I've had many cats as pets throughout my life. There were only brief transition periods where I was without a kitty around the house. All of my cats were rescues, either from a shelter or just simply finding them or them finding ME! I'm a sucker for a needy cat, and even ones I brought home "just until I could find a home for them", ended up staying. If I didn't have control over myself, I could easily become a cat lady hoarder!
My current kitty is a rescue, but not a typical rescue. Holly Berry was born into a feral cat colony living in my neighborhood. Her litter was born under my backyard deck. A feral cat is one that is a totally wild animal, having no experience with human touch. They are very skittish and do not view humans as friendly unless they have had an opportunity to become acclimated to human interaction. I was able to trap Holly in a live catch trap when she was young, and with great patience and research about what to do with a feral, I was able to tame her. She is a loving and awesome house pet. Doing this was a long process, especially since she was an "older" youngster. I will write more about her journey from the wild to our home in a future Musing.
Today's topic is about how cats communicate. People think cats are very distant and minimally involved with people. It's true that cats can appear to be very snobby, with an independent streak. Typically cat behaviors don't involve doing what YOU want them to do, but the cat getting YOU to meet THEIR needs and having YOU do things for THEM. However, there are exceptions to the rule. My current cat is more doglike than catlike...but that's a topic for a future Musing.
Understanding cat communication will help cat parents (is anyone really a cat owner??) care for their cats and enjoy their company even more than they already do. There are cable shows that are popular that help cat parents deal with "problem" behaviors that are causing havoc in the house. Enter the "Cat Whisperer" to analyze kitty's behaviors and suggest interventions, some incredibly simple, to solve the problems.
Cats use their entire body and vocalizations to communicate. Like people, cats display many moods. Improving your ability to read and understand kitty's body language, moods and communication can be easy to do. Here's a few examples of kitty communication.
A cat's wagging tail does not communicate the same message that a dog's wagging tail does. It could mean she's had enough petting or is soon to attack. They might be ready to bite. Have you ever seen a cat watching a bird through the window? Their tail is very active.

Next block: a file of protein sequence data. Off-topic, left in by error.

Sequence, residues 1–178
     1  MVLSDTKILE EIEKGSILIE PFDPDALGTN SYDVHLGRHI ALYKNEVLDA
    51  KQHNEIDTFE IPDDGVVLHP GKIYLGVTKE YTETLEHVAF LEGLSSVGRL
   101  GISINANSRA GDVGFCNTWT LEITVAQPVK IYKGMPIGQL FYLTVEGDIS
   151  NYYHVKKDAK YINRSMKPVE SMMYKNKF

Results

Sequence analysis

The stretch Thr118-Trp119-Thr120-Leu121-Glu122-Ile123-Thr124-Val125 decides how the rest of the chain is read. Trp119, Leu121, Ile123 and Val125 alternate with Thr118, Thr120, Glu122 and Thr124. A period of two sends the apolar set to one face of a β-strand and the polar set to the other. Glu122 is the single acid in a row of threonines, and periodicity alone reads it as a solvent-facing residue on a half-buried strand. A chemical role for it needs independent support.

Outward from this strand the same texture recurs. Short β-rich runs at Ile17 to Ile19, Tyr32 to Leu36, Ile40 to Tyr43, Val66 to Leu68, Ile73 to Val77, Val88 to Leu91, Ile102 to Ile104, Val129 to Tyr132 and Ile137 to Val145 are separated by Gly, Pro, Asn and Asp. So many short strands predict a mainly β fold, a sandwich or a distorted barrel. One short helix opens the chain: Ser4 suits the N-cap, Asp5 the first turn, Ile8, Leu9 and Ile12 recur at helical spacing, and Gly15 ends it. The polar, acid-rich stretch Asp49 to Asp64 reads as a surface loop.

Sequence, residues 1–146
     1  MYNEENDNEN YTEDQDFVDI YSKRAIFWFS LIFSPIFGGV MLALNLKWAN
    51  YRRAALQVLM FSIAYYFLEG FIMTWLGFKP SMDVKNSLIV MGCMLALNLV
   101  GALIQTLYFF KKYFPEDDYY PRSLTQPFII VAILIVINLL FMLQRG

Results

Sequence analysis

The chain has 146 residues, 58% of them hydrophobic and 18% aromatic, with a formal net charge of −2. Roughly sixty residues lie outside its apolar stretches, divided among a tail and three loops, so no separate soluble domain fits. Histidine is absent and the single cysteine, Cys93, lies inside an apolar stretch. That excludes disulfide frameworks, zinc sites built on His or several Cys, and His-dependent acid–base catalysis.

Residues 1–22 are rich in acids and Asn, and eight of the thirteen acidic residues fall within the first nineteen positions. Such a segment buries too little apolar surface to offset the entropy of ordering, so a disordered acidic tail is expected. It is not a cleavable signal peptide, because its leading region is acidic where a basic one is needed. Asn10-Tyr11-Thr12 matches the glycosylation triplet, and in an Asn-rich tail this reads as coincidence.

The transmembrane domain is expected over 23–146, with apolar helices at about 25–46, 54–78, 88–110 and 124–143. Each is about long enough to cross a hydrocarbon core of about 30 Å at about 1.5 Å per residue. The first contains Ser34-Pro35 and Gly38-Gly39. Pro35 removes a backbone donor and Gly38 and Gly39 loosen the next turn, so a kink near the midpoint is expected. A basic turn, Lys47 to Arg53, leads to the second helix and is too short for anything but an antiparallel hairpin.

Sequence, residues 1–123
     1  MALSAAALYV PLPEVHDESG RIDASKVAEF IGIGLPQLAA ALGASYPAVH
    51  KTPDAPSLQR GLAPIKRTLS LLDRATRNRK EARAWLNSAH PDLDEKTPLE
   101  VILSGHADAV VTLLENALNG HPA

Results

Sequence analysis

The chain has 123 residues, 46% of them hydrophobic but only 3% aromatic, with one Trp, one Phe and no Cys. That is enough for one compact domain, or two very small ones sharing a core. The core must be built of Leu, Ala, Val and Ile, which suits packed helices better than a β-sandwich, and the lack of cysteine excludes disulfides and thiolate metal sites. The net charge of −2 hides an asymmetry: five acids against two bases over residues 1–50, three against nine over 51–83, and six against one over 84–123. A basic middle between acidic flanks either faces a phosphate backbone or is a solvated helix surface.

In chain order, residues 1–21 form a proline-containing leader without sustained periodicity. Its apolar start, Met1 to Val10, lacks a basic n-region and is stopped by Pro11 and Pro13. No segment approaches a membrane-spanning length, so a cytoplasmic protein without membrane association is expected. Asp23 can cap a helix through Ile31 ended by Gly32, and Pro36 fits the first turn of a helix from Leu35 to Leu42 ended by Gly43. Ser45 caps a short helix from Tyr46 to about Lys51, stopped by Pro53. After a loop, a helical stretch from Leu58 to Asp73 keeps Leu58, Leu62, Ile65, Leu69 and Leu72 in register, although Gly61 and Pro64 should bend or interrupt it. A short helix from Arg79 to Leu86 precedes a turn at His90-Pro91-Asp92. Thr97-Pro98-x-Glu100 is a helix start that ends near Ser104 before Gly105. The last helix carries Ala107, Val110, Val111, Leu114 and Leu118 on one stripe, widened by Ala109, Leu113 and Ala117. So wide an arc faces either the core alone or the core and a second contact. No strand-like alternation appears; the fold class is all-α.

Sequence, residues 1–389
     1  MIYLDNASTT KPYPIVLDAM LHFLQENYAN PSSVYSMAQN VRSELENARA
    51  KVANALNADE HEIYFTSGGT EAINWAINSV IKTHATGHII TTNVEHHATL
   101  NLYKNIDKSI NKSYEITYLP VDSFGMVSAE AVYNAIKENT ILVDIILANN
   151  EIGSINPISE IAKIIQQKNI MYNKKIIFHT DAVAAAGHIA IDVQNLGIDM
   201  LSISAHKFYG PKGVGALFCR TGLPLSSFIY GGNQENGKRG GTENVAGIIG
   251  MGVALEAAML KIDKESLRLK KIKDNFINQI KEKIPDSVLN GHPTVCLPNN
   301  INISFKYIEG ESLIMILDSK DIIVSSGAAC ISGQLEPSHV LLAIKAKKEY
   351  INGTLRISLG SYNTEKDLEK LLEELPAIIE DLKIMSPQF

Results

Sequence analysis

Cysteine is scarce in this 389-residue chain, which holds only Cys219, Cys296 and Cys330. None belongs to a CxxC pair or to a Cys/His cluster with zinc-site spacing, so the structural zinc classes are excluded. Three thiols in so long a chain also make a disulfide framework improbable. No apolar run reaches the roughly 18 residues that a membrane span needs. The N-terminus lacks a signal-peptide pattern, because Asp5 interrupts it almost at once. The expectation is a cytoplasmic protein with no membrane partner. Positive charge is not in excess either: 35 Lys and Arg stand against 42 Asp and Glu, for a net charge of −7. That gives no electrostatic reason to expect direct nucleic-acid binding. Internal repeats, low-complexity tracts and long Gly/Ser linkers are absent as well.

My cat often "kneads" me like I'm bread dough! This behavior is connected with behaviors of a nursing kitten. Kneading is an indication the cat is happy.
What's with all that rubbing on furniture, wall corners and on YOU? This is actually an affectionate expression of happiness and "marking" of people and things with their scent to tell other kitty's "this is MINE". Marking by spraying has the opposite, being a sign of anxiety or aggressive territorial marking or a sexual calling card.
Cats nap alot. It's perfectly normal for cats to sleep 2/3rds of the day away. Playtime is important too and can be a good bonding activity. Cats like interactive play that connects with their stalking and prey drive. One of the favorite games my cat likes to play is chasing a simple shoelace! As cats get older, it's natural for them to become more sedentary and lose that kitten playfulness. However, most cats will still appreciate an opportunity to chase and stalk. One important thing to remember is to never use your "hands" as the toy for kitty to attack. That can lead to obvious problems with biting as kitty has the idea it's OK to attack and bite YOU!
Try not to let your kitty's independent nature let you fall into the habit of only interacting at feeding time. They are responsive to human touch and attention. Be sure to pet your kitty and provide opportunities for play. Brushing your kitty is important for controlling shedding and it can be a great bonding experience.
There are many resources available to help you become familiar with "kitty talk". Take the time to become a better cat parent. A few interesting resources are listed below: